Home 5 Campaign Resources 5 A Guide To Framing Relational Voter Registration

A Guide To Framing Relational Voter Registration

by | Apr 6

Why do we do relational outreach? What is relational voter registration? PDI’s Contact and Survey feature in OutreachCircle allows folks to identify unregistered voters in their networks and help them get registered to vote. If you’re using this action with your volunteers or paid relational mobilizers, it may be many folks’ first time encountering relational, so it can be helpful to spend a few minutes discussing what the task is and why we’re doing it. Use this guide to help make sure your team feels great about engaging their friends and family to register to vote. You can emphasize that:


  • Your supporters’ relational outreach makes a difference. We know that relational outreach is the most effective form of voter contact – more effective than traditional door-knocking, phonebanking, or texting. This might sound surprising, but it makes intuitive sense – people are more likely to listen to their trusted friends and family than strangers. Share with them what we know about the effectiveness of relational and the unique power they have to get their friends and family registered, engaged, and voting. 


  • Your supporters have a voter registration superpower that campaigns and organizations don’t. Supporters are experts on the people in their lives. They know who among their friends recently turned 18, who is always talking about politics and who isn’t involved yet, who moved to the state recently and is still getting set up, and so on. This is mission-critical for campaigns and electoral organizations that typically base their organizing off of the “voter file”, the official record of registered voters that each state maintains. (Supporters won’t necessarily be familiar with what “the voter file” is, so it can be helpful to put it into words!) In the case of voter registration, there’s no list to go off of. Campaigns and organizations have to figure out who lives in the state and is eligible to vote but isn’t registered yet – and often, this means a lot of guesswork and searching for needles in haystacks. Now, supporters can guide campaigns and organizations through their networks to get people registered to vote. Help your supporters understand that their relationships are their superpower, and how we’re going to use that superpower to strengthen our democracy and make sure everyone we know is set up to exercise their right to vote.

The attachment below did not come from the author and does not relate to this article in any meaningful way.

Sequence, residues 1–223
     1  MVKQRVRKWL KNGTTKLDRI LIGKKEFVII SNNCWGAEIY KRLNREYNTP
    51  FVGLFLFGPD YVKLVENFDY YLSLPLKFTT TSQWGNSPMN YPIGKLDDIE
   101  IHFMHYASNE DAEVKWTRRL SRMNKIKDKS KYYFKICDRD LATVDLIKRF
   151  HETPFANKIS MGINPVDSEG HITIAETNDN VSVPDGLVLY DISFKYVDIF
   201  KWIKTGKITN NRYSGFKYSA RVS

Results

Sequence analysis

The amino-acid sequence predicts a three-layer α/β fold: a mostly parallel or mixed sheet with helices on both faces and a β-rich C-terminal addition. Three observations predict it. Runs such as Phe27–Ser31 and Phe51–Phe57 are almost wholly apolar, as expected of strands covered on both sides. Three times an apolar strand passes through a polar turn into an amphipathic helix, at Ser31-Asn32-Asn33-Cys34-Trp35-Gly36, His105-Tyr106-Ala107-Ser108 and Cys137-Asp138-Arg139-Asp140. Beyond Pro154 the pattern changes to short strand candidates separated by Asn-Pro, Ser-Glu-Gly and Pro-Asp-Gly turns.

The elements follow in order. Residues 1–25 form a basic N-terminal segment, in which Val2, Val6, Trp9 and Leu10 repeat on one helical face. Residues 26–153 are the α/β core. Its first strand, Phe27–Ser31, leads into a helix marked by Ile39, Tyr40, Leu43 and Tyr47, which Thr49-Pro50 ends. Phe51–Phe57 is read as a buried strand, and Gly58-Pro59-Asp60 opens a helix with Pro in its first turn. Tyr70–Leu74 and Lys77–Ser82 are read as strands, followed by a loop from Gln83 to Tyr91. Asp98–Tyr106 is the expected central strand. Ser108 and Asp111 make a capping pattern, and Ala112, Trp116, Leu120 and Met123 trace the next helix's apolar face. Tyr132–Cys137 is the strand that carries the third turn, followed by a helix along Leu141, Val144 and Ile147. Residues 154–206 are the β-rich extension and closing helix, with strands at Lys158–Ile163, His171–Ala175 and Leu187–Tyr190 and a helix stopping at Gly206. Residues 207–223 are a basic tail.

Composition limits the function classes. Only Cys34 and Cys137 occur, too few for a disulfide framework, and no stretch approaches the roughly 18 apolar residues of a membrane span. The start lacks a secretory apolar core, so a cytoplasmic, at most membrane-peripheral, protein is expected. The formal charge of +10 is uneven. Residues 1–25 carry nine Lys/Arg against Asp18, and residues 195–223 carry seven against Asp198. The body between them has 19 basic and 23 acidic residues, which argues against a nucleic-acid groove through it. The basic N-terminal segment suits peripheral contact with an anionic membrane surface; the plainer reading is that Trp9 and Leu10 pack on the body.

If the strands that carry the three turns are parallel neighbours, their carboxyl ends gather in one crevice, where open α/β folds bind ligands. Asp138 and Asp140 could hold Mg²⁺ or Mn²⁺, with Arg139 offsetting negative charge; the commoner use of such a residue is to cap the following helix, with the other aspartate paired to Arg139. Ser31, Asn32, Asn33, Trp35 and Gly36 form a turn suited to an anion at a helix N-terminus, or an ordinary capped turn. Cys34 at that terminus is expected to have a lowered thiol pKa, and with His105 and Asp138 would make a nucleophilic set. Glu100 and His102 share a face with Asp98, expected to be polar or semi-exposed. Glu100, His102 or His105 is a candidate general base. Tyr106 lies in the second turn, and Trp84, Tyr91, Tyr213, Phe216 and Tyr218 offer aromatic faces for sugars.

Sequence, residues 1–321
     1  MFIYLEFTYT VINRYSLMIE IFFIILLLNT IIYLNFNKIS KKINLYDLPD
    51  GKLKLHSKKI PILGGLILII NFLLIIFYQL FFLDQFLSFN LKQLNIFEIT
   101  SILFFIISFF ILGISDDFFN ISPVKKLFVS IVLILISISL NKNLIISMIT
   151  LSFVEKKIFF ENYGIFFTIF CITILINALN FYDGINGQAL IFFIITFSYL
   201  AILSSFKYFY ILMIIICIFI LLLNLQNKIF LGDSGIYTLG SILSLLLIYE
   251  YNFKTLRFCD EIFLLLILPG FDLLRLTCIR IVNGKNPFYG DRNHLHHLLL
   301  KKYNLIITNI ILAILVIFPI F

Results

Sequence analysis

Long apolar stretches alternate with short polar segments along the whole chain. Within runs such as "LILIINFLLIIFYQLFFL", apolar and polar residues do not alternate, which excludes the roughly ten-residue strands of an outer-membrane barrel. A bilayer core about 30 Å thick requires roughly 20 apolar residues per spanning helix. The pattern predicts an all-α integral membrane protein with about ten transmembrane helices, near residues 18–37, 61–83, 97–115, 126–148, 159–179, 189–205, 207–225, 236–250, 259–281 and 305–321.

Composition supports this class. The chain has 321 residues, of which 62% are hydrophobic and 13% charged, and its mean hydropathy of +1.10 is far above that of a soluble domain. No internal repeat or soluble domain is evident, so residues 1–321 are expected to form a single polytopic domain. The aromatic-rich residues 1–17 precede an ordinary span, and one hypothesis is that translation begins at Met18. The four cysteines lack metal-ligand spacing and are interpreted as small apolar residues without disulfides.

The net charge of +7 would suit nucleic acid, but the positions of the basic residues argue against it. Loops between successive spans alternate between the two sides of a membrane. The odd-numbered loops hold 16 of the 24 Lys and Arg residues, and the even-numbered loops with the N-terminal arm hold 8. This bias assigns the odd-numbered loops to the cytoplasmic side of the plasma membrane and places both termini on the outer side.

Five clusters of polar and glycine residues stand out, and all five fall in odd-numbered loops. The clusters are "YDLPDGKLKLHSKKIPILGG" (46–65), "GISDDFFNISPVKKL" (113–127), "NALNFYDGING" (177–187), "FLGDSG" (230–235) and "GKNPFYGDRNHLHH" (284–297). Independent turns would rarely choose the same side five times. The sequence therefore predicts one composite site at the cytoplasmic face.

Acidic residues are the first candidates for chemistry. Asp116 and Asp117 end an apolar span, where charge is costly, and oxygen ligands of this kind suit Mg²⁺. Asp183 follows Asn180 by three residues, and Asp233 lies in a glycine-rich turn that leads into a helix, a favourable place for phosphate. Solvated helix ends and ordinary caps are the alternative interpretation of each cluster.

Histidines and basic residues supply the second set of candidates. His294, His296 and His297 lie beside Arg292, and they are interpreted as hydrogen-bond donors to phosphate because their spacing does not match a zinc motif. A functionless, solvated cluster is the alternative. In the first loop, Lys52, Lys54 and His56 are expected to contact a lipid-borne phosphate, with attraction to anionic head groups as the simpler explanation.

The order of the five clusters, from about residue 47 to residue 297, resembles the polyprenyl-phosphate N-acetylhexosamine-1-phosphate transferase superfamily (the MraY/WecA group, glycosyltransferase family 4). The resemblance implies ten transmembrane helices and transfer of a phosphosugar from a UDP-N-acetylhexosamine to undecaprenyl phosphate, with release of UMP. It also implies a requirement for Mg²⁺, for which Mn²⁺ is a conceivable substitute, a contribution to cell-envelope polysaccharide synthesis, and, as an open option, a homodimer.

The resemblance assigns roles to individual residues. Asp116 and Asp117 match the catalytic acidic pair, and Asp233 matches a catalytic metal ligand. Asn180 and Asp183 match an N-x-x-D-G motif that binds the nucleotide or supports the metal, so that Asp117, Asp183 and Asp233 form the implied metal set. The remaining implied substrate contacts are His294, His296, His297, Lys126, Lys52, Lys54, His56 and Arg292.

• Your supporters can help combat voter suppression efforts. In this action, supporters will be able to see which of their friends and family are registered to vote, and which aren’t. This gives them a valuable starting point for their relational work. But it’s also important to emphasize that this work isn’t just about voters who are unregistered – in this era of voter suppression, it’s a good idea for everyone to double check their voter registration every year. 


  • Your supporters may feel a little awkward at first.  Sometimes doing relational outreach can feel strange, or even transactional. If you sense that is coming up, name it, and encourage supporters to think through that discomfort and maybe even name it to their friends, too. Asking people to do something can be uncomfortable – but do we believe in what we are asking them to do? Is this important to us? Will elections affect the lives of the people we are asking to register? If the answers to these questions are yes, supporters may find that taking action is worth feeling that initial awkwardness. Friends and family may even appreciate an offer to help them navigate what can sometimes be a confusing process of registering to vote. Encourage supporters to make use of the “Customize message” step in the action and rephrase the ask in their own voice. Let them know that even saying things like “hi this feels kind of weird but I care about you and I want everyone I love to be registered to vote” is helpful and okay. 


  • Your supporters’ hesitations are valid and critical to address. Be aware of hesitations folks might have about voter registration, and be prepared to speak to these concerns. For example, some folks in mixed status households may worry that registering to vote could put undocumented loved ones at risk. Be ready to address concerns like this so that everyone feels safe and confident. 


Want to learn more? Check out our relational resource hub and get in touch with one of our experts.